As the tour went on, we saw other departments such as BBC News and experienced some of the students from our group appearing on the BBC News Weather screen just like as we see it on television.   Moving on, we got a chance to go on the ex-studio for Match of the Day and see how it was set up.  We also got to see many really exciting props from various BBC television shows such as Doctor Who and Eastenders.  We saw a life size Dalek and the Doctor’s famous Tardis.

Overall, I think the experience gained by going to BBC Television Centre was very helpful and exciting as it gave us a sneak peak into what we can work as in the future and how it would be. The job roles for different workers like directors, producers, editors etc., were all explained to us by the tour guides which made it clear to some students what they are interested in and what work pressure they may face.  It was an excellent
day out and we all thoroughly loved learning all we did about the BBC.

Saher, Year 13

2013 Video Conference with the BBFC




On Friday 25th January, the two year 13 Media classess attended a video conference with the BBFC here at Loxford School. This was a very special opportunity as we spoke
to Emily from the BBFC about the UK’s film classification system and how they reach their decisions.
We also had the chance to ask questions regarding film regulation.
This was especially beneficial as it is a topic for our A2 media exam this year. We asked questions regarding our exam texts with particular reference to The Dark Knight, The King’s
Speech and Casino Royale. We all found this conference interesting as not only did we manage to interact with someone from the media industry, we were able to use their expertise to gain a more thorough and better understanding of the film texts and how they
are classified. We thoroughly enjoyed this unique opportunity getting to speak to Emily as we learnt many useful aspects about the film industry.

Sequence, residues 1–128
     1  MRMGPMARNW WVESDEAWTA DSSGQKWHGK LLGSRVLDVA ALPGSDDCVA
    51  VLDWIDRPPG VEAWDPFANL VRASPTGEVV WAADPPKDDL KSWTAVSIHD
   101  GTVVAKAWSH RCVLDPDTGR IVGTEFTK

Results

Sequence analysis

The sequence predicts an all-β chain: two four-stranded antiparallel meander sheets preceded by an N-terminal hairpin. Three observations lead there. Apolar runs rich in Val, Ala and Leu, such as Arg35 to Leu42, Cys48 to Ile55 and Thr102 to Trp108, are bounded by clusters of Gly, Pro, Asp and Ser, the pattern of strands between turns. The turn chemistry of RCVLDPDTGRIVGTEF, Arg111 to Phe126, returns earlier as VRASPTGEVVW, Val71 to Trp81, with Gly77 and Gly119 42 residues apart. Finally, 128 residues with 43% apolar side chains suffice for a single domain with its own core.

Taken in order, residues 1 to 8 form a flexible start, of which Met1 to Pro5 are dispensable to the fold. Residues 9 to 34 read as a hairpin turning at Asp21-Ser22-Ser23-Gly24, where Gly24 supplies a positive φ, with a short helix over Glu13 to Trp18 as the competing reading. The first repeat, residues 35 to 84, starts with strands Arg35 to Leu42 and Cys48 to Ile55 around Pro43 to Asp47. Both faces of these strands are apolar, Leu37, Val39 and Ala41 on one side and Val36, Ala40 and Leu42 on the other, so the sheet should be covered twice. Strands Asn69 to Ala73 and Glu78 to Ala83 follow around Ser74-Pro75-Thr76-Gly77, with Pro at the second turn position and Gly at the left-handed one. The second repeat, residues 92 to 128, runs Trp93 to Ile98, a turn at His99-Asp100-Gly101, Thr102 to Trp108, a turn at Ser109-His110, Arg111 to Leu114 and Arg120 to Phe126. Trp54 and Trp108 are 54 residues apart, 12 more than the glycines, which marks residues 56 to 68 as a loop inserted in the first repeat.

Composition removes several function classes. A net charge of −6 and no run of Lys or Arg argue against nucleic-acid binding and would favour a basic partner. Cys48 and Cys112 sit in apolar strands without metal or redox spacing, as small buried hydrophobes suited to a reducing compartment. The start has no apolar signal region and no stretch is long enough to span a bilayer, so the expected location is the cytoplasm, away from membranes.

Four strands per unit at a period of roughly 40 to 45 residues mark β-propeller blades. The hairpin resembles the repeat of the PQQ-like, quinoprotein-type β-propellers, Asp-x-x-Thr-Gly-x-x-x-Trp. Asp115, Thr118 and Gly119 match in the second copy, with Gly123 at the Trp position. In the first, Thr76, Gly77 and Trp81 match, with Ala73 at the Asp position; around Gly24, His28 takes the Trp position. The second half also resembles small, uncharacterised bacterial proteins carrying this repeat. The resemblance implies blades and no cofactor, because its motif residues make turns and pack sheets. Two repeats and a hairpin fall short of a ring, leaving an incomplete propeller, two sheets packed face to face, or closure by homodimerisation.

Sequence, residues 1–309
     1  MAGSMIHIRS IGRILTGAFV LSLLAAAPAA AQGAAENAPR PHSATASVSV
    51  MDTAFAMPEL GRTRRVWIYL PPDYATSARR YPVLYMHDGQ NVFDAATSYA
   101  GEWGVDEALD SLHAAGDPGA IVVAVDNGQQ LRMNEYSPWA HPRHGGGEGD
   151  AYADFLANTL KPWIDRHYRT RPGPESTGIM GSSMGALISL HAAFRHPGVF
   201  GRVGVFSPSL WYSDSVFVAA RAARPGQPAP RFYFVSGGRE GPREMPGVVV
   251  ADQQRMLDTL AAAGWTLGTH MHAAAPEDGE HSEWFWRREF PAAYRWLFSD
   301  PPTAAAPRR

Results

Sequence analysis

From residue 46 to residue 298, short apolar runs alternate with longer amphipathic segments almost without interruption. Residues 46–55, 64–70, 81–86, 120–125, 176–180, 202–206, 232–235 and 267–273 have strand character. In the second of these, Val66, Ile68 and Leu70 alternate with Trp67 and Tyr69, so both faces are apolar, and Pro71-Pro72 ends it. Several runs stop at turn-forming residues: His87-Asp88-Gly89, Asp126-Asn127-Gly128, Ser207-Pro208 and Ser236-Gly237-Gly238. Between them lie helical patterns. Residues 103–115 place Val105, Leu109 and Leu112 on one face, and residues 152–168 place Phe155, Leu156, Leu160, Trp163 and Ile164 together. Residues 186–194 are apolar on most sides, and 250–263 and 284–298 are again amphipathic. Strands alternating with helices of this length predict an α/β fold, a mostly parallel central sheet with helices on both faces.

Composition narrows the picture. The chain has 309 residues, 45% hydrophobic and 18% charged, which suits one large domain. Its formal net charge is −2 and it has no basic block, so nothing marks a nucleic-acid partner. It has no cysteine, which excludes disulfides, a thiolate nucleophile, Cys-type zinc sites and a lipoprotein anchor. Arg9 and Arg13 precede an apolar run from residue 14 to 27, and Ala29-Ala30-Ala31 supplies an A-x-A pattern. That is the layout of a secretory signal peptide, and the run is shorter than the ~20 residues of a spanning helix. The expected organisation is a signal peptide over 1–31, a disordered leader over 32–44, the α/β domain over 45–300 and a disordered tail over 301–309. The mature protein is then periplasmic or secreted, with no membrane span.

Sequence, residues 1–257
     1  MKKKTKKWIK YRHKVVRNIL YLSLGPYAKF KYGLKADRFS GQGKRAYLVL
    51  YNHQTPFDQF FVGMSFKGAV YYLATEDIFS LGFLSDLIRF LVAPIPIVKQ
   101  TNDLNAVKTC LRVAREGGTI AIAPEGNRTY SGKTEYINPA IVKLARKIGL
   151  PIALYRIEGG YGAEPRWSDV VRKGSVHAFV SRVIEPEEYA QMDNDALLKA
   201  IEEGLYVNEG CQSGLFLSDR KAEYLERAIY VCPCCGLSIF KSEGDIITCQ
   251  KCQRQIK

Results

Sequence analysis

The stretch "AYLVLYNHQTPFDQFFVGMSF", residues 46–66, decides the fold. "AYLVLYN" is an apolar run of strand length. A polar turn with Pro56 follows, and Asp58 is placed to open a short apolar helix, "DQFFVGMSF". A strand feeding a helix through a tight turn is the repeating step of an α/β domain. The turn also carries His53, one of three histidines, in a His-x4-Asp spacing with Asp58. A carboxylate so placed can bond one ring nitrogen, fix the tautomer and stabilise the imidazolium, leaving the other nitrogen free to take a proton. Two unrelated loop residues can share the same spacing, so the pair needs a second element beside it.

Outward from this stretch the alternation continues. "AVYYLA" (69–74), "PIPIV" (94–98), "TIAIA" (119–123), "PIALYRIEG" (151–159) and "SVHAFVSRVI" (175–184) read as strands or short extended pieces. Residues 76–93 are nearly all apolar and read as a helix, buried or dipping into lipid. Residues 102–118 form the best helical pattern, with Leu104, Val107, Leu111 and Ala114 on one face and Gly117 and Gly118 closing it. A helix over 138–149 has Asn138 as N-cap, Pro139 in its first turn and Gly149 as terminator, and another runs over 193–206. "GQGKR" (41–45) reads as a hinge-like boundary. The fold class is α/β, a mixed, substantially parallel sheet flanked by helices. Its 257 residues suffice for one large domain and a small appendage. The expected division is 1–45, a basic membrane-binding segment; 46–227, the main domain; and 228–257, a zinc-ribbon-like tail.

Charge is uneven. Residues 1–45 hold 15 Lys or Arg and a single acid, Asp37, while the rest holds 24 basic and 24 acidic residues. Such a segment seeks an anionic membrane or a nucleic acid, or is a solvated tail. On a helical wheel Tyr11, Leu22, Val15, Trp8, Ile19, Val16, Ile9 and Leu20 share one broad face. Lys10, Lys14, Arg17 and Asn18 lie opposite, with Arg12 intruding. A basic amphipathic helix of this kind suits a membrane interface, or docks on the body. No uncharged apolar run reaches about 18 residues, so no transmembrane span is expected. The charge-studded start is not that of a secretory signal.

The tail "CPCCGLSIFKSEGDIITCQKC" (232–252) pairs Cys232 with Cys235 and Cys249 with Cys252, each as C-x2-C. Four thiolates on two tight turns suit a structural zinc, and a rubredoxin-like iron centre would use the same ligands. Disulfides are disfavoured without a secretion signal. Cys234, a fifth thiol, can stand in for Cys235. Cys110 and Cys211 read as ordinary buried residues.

Safa 13S

2012 Media Magazine Student Conference

In December 2012, A Level Media students ventured out to Central London to attend the annual Media
Magazine Student Conference, held at the Institute of Education. The conference ran for the duration of the entire day, including many interesting guests on the panel. The guests ranged from key Media experts to students currently studying Media related courses
at university. This ensured that the conference was beneficial to everyone who attended, due to the varied content on offer.


I think one of the most interesting things that were highlighted in the conference was the emphasis
on social media and its impact on our lives today - to the extent we were even encouraged to tweet about the event. Twitter seemed to be a key focus for the speakers at the event and it reminded us how important social media has become. A reporter from The
Guardian, Paul Lewis spoke about how Twitter played a huge role when the London riots took place. I found his speech both informative and engaging, since the audience was able to ask questions at the end of his speech.


The last guest was director Corin Hardy who spoke about his work which including directing music
videos. He stated that he had directed many music videos in which the genre of horror was often projected. I thought the director was not conventional because the genre of his music videos tended to be sinister through
the use of animation and thus found his work to be very interesting and to a certain extent inspiring.





I think the conference itself was a great experience, since there were a variety of guests who spoke about different
fields in the Media. This meant that everyone who went would have found the trip both enjoyable and beneficial. I personally think this was an amazing trip, which offered detailed information about how one can ‘get in’ to the Media industry after university.